As I recall, Hatchards bookshop opened across the road from Tunbridge Wells train station (where the BBC Shop is these days, but larger) in early 1987. It may not have been on my very first visit there that I came across Peter Darvill-Evans' first FF book, Beneath Nightmare Castle, but it was certainly in that shop that I found it, flicked through, and came across the Instant Death where the luckless hero is staked to the ground by a tower, and the guards drop rocks from the top and place bets on who will be first to score a direct hit on the head. So I bought a copy.
Reading it on the way home, I got caught while searching the cellar, and met a gruesome fate. So I tried again and, upon discovering that I'd forgotten to bring my front door key with me, sort of completed the adventure (without dice) while sitting on the doorstep and waiting for another family member to get home and let me in. I say 'sort of' because I failed to realise that the trident head I'd acquired wasn't the whole of the weapon, in my ignorance passed an inventory check I should have failed, and avoided being beguiled into the trap that ought to have ended my adventure. And when subsequently catastrophically delayed by an illusion, I backtracked and picked the better option. Not one of my finer moments.
Still, the variety of horrific and gruesome incidents within the book appealed to me a lot, so I went on to play it properly, and enjoyed it enough that I often replayed it. I used it to test out my first ever gamebook combat manager (laboriously programmed on my original home computer, a Texas Instruments TI-99/4A). During my on-off relationship with gamebooks in the Nineties I reacquired it more than once, and it was part of the batch of FF books that got me back into the hobby for good.
My previous online attempt provided a reminder that, while there is a path through the book that gives a fair chance even to a character with low stats, a bad roll at the wrong time can ruin everything, so I may do a little fudging to improve my chances.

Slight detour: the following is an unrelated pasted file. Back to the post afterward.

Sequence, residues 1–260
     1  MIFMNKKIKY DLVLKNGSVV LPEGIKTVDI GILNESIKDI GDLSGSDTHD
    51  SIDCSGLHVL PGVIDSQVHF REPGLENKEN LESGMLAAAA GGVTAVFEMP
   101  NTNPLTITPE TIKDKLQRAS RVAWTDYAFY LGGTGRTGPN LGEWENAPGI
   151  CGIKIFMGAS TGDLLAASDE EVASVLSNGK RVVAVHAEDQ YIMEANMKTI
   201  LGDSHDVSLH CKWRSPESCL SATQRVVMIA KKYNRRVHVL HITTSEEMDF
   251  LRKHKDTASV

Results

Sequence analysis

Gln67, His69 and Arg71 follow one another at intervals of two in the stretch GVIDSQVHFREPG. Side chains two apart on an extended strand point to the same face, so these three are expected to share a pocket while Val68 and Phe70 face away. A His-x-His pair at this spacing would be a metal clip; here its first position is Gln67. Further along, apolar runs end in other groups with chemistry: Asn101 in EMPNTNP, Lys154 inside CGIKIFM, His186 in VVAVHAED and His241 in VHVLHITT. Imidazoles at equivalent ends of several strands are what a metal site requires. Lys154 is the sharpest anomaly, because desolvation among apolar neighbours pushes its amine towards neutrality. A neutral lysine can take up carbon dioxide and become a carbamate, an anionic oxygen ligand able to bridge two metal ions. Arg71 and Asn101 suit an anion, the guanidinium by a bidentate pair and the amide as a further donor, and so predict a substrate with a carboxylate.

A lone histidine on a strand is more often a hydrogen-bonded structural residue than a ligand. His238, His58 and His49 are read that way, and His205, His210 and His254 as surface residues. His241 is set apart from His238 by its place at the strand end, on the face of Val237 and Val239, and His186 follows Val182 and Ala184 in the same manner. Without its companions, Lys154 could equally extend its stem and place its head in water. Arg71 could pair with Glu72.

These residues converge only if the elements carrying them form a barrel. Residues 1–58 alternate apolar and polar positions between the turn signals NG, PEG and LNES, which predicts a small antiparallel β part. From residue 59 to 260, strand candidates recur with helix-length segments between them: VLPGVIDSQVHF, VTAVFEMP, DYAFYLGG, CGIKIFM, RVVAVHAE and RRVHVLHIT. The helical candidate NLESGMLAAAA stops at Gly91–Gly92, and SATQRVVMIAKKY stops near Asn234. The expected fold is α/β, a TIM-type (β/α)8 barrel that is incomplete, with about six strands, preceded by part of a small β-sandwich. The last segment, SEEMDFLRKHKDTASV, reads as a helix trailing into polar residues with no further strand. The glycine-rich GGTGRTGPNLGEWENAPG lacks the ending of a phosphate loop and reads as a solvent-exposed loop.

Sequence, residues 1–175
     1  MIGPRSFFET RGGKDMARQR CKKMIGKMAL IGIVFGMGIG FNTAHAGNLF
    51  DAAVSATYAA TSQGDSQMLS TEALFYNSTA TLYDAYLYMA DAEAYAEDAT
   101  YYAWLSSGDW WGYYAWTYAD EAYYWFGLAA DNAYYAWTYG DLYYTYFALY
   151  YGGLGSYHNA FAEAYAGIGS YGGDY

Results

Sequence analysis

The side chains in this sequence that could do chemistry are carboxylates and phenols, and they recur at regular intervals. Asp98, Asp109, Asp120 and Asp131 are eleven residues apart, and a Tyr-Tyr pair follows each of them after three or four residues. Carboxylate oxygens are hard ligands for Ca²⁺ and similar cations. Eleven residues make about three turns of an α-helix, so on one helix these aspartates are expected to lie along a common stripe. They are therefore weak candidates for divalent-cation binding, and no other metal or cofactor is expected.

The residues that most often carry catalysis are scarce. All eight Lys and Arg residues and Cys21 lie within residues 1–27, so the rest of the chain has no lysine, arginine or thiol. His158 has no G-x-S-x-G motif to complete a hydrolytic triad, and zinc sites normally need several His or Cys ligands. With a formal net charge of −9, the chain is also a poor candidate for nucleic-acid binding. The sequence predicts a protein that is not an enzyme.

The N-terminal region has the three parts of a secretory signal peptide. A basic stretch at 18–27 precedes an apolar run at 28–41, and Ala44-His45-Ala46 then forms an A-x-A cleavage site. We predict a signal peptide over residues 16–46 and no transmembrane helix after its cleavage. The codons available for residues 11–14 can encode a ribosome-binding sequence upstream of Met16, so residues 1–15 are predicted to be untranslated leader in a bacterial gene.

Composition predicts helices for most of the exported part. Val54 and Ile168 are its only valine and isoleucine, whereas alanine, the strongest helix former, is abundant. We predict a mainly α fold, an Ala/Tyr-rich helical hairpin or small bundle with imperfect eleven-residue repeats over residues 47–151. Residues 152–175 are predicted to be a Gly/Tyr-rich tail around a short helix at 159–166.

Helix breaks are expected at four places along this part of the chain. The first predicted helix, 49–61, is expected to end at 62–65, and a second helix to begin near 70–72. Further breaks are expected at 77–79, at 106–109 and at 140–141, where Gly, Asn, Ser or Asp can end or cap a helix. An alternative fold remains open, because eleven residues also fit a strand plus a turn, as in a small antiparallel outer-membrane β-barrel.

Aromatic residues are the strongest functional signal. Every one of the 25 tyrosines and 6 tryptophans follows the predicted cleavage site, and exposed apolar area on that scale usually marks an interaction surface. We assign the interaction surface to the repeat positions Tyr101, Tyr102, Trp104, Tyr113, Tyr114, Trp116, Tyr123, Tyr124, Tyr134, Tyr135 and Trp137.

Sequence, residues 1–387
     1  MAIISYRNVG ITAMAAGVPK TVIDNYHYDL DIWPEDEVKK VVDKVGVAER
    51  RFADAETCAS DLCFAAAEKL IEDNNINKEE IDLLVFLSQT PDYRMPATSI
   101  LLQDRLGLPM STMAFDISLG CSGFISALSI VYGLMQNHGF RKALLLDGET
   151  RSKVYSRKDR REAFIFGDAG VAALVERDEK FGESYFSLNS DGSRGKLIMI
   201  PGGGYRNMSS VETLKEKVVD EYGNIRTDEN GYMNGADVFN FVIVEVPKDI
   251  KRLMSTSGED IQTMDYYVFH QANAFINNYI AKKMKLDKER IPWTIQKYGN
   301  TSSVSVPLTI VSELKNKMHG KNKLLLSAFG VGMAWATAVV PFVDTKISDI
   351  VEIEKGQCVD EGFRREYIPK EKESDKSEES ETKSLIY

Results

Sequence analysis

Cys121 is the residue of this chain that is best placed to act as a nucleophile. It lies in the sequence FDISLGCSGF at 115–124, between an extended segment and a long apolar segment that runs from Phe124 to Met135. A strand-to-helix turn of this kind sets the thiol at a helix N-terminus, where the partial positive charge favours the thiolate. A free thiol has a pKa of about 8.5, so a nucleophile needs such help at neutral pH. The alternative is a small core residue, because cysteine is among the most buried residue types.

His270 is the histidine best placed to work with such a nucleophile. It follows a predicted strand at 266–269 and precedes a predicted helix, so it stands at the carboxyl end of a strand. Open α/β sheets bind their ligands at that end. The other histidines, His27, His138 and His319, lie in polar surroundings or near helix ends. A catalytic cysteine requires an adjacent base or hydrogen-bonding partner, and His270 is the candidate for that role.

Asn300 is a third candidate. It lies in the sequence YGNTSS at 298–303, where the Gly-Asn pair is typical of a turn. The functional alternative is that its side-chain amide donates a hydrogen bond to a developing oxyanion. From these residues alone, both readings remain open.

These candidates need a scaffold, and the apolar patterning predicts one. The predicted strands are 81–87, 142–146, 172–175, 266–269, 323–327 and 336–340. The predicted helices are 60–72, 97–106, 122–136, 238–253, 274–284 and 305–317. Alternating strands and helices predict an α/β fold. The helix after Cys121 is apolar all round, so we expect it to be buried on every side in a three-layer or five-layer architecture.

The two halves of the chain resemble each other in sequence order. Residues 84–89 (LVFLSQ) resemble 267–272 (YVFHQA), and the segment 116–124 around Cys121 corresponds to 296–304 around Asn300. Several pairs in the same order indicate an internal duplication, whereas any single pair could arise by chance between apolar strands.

Yes, unwilling to risk being as Unlucky as I was a fortnight ago, I switched my best roll to Luck.
The adventure starts with me in a net. There I was, returning to the town of Neuburg, which I once helped defend from invaders, when a moment's inattention caused me to blunder into a trap. The Background section ends with me being rendered unconscious, and when I come round (with a headache described in one of the best metaphors in all FF), I've been tied up and blindfolded. After a while, a voice whispers to me that if I move a little, the speaker will be able to cut my bonds. It should come as no great surprise that I do as asked. The ropes around my wrists are cut, and by the time I've removed the blindfold and the ropes around my ankles, my rescuer has absented himself.
I don't loiter in the cellar where I was being held. My equipment has been stowed in the room at the top of the stairs, so I retrieve that. Peering through a slit in the wall, I discover that I'm in one of the guard towers by the East Gate, and the streets are a lot quieter than they should be at this sort of time. I also learn that I'm locked in, and that the door is too sturdy for me to break down. Still, by standing in the doorway, I can force my captors to fight me one at a time when they return, and individually they're rubbish fighters. Only one of the six of them manages to hit me at all.
Free at last, I make for a tavern of which I have good memories. Along the way I notice the locals barring and shuttering their windows as dusk falls. The tavern is closed, but banging on the door persuades the innkeeper to let me in. There are no other guests, so I make conversation with the innkeeper, asking what's afoot in Neuburg, and casually mentioning that little 'helping the Baron fight off barbarian invaders' incident. The innkeeper is sceptical until I show him the ring that the Margrave gave me to commemorate the battle. Then he explains that the Baron has changed since his last trip south, from which he returned with companions like the mob I fought my way through earlier, and that unidentified monstrosities roam the streets at night, killing any humans who don't stay indoors. I know that places where you had a good time in the past are never quite the same when you return years later, but this sounds a bit much.